We’ll Always Have Casablanca

Arts, Culture & Media

A tale of refugees: how this classic film seems timelier than ever.

EMILY is a livesafing device being used to safe refugee and migrants found at sea.

It’s a buoy, it’s a life raft, it’s Emily — the robotic craft that’s saving refugees off the coast of Greece

Afghan journalist Habib Zahori made a cold trek across the US-Canada border on foot and on bicycle. "I remember thinking, wishing, 'Oh God, please, please send someone to arrest me!’ "

Habib Zahori was scared to seek asylum in the US. So he pushed a rickety bicycle through snow to get to Canada.

A U.S. flag hangs over fake palm trees inside the compound of the U.S. embassy in Baghdad in 2011.

Translators who worked for the US military in Iraq wonder if their American dream is slipping away


Some persecuted writers get a new life in the US. But exile isn’t easy.

Zozan Khaled Musa, 25

This Syrian’s decision to pass as a non-refugee came at a personal cost


Zozan Khaled Musa decided not to speak Arabic on a train ride to Germany. That changed everything about her journey.

Poet and essayist Ocean Vuong was born in Saigon and raised in Hartford, Connecticut.

Read this brilliant new poet’s take on the US immigrant experience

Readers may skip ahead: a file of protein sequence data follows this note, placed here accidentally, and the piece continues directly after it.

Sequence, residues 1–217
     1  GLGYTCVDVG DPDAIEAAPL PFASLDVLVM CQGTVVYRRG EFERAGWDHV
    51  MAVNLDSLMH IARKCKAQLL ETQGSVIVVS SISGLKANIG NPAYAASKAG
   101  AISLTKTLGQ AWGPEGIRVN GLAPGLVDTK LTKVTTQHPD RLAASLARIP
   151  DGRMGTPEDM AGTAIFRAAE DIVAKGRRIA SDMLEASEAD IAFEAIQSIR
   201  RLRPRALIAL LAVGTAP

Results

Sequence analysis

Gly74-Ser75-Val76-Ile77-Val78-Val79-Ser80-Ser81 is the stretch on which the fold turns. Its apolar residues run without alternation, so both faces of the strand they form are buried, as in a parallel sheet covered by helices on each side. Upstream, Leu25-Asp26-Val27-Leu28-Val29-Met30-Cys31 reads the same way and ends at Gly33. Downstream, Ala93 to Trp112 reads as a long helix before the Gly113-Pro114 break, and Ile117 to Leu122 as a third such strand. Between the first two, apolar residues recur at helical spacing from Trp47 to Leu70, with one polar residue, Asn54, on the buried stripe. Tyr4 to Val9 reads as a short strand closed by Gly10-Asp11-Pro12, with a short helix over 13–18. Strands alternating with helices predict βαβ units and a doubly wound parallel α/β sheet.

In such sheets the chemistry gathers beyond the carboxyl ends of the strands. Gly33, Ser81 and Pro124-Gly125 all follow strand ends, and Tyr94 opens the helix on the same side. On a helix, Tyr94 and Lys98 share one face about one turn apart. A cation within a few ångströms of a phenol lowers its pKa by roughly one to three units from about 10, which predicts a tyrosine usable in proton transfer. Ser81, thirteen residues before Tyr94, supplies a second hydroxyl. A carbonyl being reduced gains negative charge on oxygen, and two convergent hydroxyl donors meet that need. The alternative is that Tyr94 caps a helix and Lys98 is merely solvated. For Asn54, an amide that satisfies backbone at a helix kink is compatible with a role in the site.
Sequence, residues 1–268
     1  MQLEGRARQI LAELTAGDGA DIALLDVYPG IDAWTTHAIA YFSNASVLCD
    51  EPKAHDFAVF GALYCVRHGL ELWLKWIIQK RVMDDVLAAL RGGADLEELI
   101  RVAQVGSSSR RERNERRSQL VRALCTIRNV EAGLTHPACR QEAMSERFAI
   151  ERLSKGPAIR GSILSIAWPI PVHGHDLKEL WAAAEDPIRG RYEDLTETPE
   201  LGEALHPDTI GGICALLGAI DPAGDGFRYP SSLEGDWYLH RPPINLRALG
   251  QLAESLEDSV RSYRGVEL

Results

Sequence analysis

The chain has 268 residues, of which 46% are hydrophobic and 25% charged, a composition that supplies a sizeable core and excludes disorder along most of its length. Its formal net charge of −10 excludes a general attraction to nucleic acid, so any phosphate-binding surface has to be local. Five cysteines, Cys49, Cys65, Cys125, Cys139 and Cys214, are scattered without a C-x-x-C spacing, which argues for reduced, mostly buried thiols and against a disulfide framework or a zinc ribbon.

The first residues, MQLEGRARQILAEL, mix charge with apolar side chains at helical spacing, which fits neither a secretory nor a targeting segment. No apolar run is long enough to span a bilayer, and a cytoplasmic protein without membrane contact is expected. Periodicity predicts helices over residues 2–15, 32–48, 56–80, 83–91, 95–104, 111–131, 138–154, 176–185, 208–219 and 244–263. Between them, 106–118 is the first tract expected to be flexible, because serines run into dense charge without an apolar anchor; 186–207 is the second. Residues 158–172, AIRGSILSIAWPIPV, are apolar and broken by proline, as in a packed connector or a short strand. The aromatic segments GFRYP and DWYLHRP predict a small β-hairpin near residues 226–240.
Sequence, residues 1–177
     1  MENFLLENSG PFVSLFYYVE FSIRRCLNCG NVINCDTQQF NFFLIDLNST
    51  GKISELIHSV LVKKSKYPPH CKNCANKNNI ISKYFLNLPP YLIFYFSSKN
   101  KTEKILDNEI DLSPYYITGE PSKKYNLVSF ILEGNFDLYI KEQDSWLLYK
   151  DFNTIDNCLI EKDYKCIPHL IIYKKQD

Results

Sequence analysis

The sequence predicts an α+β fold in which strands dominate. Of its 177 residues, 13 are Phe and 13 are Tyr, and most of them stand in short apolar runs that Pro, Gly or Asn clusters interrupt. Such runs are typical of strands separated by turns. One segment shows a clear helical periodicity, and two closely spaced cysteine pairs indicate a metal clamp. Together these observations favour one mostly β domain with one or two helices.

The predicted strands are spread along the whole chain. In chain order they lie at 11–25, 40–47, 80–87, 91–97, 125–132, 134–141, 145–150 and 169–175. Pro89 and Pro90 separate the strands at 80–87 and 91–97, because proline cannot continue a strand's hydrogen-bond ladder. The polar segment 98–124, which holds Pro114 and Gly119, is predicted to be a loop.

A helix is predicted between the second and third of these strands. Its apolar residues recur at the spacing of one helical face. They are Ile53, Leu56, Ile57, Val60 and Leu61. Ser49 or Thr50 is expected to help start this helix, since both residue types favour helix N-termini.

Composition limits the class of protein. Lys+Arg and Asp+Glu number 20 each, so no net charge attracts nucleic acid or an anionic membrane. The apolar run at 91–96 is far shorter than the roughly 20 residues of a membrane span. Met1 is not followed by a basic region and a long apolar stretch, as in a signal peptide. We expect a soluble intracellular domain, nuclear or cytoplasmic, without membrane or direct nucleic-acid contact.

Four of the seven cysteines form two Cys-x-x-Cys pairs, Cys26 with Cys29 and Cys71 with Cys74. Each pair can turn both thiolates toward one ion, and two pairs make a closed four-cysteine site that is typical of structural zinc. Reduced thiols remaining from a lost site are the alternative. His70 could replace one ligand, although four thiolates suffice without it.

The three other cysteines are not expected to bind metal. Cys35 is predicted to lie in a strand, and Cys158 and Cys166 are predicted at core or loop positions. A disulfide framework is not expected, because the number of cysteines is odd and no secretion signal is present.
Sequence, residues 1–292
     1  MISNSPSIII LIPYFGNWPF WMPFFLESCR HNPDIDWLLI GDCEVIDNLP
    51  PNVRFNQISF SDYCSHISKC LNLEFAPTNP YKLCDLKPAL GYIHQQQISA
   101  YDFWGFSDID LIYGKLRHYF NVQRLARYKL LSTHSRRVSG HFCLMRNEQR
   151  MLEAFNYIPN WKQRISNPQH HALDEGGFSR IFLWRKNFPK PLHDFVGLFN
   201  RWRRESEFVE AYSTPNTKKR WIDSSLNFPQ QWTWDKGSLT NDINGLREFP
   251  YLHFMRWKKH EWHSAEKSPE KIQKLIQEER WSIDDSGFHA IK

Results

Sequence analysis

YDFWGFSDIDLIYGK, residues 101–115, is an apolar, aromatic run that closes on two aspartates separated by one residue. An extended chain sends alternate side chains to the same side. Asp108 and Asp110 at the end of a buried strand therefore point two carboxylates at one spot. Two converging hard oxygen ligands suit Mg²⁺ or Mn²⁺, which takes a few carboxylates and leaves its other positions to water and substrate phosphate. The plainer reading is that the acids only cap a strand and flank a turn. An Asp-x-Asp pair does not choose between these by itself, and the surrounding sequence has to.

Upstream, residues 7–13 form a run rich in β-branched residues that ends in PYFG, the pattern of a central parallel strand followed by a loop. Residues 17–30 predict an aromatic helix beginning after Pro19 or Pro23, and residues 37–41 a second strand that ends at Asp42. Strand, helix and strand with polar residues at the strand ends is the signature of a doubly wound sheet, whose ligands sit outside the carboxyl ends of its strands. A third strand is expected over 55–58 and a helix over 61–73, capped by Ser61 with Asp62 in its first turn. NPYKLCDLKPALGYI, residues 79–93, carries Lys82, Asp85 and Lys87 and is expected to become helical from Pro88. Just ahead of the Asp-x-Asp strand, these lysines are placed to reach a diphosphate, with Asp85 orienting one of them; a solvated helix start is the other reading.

Twenty-eight-year-old Ocean Vuong captures his experience coming from Vietnam to the US in his debut poetry collection “Night Sky with Exit Wounds.”

Amira, who married at 16, says she faced severe abuse at the hands of her husband and found it difficult to escape.

The refugee crisis is turning more girls into child brides


For many parents, it is a desperate measure sought in extreme circumstances.

German Chancellor Angela Merkel poses after recording her New Year's speech in the Chancellery in Berlin, Germany, December 30, 2015.

The refugee crisis was the story of the year in 2015. And that story is far from over.


The refugee crisis in Europe dominated the world’s headlines for much of 2015. But it’s a challenge that’s likely to define 2016 as well.

Syrians asylum seeker, Nawras Soukhta travel by train during a three-year journey to escape his country and live a better life in Sweden.

The long journey Syrian refugees take is confusing. Now imagine doing it as a teenager.


Fifteen-year-old Nawras Soukhta left Damascus three years ago with a dream to land in Sweden. Unlike thousands who die on the journey, he actually made it.